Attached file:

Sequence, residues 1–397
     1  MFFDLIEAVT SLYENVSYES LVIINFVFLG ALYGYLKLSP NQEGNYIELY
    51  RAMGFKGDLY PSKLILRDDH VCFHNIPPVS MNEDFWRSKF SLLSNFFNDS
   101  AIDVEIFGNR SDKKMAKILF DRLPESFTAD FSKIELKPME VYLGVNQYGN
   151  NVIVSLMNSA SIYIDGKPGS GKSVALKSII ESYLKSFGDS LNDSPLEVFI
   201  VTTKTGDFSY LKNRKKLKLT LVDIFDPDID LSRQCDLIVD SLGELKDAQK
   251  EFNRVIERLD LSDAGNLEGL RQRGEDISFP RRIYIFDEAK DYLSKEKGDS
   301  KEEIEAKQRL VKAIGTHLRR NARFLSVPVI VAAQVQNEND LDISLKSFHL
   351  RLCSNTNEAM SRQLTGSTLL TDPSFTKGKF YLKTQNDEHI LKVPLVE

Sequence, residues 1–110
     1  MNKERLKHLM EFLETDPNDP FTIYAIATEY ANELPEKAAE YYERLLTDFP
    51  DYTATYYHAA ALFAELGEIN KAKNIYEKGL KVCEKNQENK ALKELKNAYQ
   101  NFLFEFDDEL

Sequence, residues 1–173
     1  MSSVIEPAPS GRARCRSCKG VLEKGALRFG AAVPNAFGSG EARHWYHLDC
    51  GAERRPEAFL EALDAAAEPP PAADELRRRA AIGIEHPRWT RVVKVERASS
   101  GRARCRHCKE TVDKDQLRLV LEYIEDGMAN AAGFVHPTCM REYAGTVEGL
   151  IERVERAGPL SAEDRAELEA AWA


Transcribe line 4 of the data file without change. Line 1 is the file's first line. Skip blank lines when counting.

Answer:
   101  AIDVEIFGNR SDKKMAKILF DRLPESFTAD FSKIELKPME VYLGVNQYGN